“Our wedding was very much a collaboration. We made sure we were in agreement on the ‘big decisions’ like venue, food, officiant, and entertainment. We didn’t have a wedding planner so we each took the lead on different aspects—I handled the welcome event, welcome bags, and after-party, for example, while Adam worked on all the floral, table design, and ballroom layout. But, we were both sure to get each other’s sign-off before finalizing anything.” -Jason Bolicki
“Yes, absolutely. My partner and I wanted to plan the wedding together so almost anything wedding-related was discussed and approved by the both of us. I wanted to be part of the process and not just put the whole burden and stress of wedding planning on my partner.” -Arjun Menon
“I was involved in all of the major final decisions. Choosing the band, food, and drinks were the most important to me—that process I was involved with from beginning to end. I was included in things such as flowers, invitations, and table settings once the options were narrowed down. This is exactly the level of involvement I wanted. “ -Steven Schwartz
“I would say a 30/70 split, which was fine with me. Set expectations early and if you want influence, be involved.” -Matt Dulle
What elements of the wedding were most important to you? Any customs or traditions you wanted integrated?
“Marrying my complete opposite and being interracial had some fun integrations. She’s religious, I’m not. I’m Chinese, she’s not. The officiant got her favorite Bible verse in, and I got my Chinese Tea Ceremony in.” -Peivin Lee
“There aren’t many rules when it comes to gay weddings, so we were able to incorporate traditions, but with our own twist. The bouquet toss is always fun and a way to get people up on the dance floor but we didn’t have a bride. So, we did a double bouquet toss! We did mother-son dances back-to-back. We had a violinist perform during the ceremony, but it was our friend Shane, a.k.a. the drag queen Thorgy Thor. We decided not to have wedding parties but we wanted to incorporate our families into the ceremony. I asked my brother to read a blessing that was read at my parents’ wedding and Adam’s cousin read a poem from his parents’ wedding ceremony. It was a nice way to incorporate family if you’re not up for wrangling a huge wedding party.” -Jason Bolicki
“Being from India, I wanted to incorporate Indian touches during our wedding, such as tying a gold necklace on my partner’s neck during the ceremony, a choreographed Bollywood dance, and Bollywood music during the dance party. I wanted our wedding ceremony to also be personal, which is why we had a friend marry us. Finally, I wanted to have good food, booze, and music because that’s what would make it a blast for our guests.” -Arjun Menon
“I wanted to make sure both of our families, especially grandparents, were included equally. This was a time where two families became one and it was important to make sure that not only were Alli and I the main focus but our whole family was highlighted as well. We had certain traditions that my mother had started with my sister and wanted to continue on that will be passed down from generation to generation. But just the simple things of what grandfathers Kidish cup and who’s talas we would be wrapped in we wanted to make sure both sides were represented appropriately.” -Steven Schwartz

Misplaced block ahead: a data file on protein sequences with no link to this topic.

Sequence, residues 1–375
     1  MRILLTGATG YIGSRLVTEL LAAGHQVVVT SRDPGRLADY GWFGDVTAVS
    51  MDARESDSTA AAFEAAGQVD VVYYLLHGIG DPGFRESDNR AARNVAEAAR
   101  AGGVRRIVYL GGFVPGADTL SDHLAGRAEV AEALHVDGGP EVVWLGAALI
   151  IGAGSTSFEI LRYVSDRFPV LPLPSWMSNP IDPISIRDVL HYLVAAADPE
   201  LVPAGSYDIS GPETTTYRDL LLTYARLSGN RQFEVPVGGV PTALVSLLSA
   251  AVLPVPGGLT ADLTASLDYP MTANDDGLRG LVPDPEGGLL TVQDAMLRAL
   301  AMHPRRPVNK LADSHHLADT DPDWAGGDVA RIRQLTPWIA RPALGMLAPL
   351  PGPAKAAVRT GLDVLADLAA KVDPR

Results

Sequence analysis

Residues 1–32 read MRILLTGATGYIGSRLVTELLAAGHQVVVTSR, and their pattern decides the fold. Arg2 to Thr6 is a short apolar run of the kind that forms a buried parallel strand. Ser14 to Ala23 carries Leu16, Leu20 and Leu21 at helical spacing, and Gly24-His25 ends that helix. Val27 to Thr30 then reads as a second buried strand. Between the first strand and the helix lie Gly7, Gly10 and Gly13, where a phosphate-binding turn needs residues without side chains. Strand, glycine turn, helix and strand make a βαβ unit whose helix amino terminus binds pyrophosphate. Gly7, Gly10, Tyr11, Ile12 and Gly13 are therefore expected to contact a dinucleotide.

“The ceremony and reception bar. I wanted to maintain a rather traditional ceremony and make sure we had a good bar during the reception for all our guests.” -Matt Dulle
Is there anything you wish you would have done differently?
“Hire a videographer! Never thought I’d want to rewatch a wedding and I judged others who did but I was wrong and I’d love to see those WWE wrestling entrances now.” -Peivin Lee
“The pandemic delayed our wedding for a year, so we had plenty of time to plan. The most stressful part was navigating state Covid guidelines and restrictions. About eight weeks out, dance floors were still closed at wedding ceremonies. Wondering how we were going to keep people entertained for four hours, we decided to ask a few talented friends of ours to perform some songs during the reception. Even after dance floors were allowed to reopen, we decided to keep the performances, and those became the most magical and memorable moments of the reception.” -Jason Bolicki
“Nothing major. I wish I had planned the morning of the wedding better. I was so focused on the wedding itself that I didn’t really take the time to plan out my morning and afternoon, which would have probably resulted in less stress on the day and also better family photos. The wedding didn’t go exactly as planned but in a way, that’s part of what made it unique and so I definitely do not wish it went any other way.” -Arjun Menon
“I can honestly say it was perfect. I wouldn’t change anything about it. To this day, friends and family say it was one of the best weddings they have ever been to.” -Steven Schwartz
“Don’t sweat the road bumps along the way. Things will come up, but stick to your overall budget and high priorities and all will be well. Celebrate throughout the process.” -Matt Dulle